“Your absence has gone through me like thread through a needle. Everything I do is stitched with its color.” W.S Merwin
David Tanis, in my humble opinion, is a culinary genius. I cherish his recipes. He was at one time head chef at Alice Water’s famous Chez Panisse in Berkeley, has written many cookbooks and contributes to the New York times among so many other things. There is not one recipe of his that has ever disappointed me. A good friend and fellow cook turned me on to this icon and now I want to share him with you. In “Market Cooking” the premise is very simple: buy and cook with the freshest in season. Since I am working with this book in October I have to forfeit so many delicious looking possibilities made with radishes, asparagus, leeks and peas. But that is fine because we have so many other heavier vegetables to choose from that are still being harvested in our fields. Right now we have a few lingering summer flavors so I am starting with the most amazing basil oil. Abby and I adored basil and the years I lived near her we would always make tons of pesto from our homegrown basil. Honestly, this is way better. Sorry Ab. Bon Appetit!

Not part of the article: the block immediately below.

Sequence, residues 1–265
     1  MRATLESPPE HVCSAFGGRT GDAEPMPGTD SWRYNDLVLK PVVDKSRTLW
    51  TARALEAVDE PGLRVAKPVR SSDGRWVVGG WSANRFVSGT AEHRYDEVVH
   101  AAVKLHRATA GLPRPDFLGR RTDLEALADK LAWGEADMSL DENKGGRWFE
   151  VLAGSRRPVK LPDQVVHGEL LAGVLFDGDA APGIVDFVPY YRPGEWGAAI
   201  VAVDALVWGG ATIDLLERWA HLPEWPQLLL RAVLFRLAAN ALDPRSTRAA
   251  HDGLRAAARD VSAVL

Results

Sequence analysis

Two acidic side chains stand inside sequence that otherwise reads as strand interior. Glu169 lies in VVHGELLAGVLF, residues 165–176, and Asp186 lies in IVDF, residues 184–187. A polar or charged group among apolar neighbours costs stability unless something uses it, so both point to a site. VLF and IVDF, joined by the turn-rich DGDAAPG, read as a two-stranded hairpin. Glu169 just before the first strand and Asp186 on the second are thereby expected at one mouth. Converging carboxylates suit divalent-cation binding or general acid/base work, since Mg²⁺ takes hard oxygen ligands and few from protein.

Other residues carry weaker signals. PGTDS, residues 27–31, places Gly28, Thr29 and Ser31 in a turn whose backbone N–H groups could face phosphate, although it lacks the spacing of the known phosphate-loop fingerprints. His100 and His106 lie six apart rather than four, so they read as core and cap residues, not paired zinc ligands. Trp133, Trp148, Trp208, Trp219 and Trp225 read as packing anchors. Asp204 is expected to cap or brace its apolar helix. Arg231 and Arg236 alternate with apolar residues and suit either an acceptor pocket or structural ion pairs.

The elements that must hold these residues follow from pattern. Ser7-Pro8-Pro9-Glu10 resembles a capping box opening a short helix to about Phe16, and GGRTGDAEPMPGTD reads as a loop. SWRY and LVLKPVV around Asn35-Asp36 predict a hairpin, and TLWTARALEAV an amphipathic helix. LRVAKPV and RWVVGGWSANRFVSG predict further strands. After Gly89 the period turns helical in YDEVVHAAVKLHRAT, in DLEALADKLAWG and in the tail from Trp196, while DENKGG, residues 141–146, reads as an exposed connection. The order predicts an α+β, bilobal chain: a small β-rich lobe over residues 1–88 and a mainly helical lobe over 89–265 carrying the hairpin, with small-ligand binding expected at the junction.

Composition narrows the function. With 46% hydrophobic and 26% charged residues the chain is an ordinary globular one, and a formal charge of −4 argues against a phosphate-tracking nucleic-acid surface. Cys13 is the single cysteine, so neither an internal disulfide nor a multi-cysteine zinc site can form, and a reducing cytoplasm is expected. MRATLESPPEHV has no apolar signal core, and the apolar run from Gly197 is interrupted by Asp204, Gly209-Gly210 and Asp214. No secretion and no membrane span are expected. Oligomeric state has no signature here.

Pick the leaves from a fine bunch of basil about 2 handfuls and about 1 handful of fresh flat leaf parsley. Puree in a food processor (or use a mortar and pestle or blender) with 1 garlic clove, about 3/4 cup fruity extra virgin olive oil and 1/2 teaspoon of sea salt until you have a bright green, not very thick sauce. It doesn’t hold an emulsion so stir before using. Makes about 1 cup. Tanis tells us this is delightful over a spring vegetable soup or lovely piece of white fish as well as the ever complimentary tomato.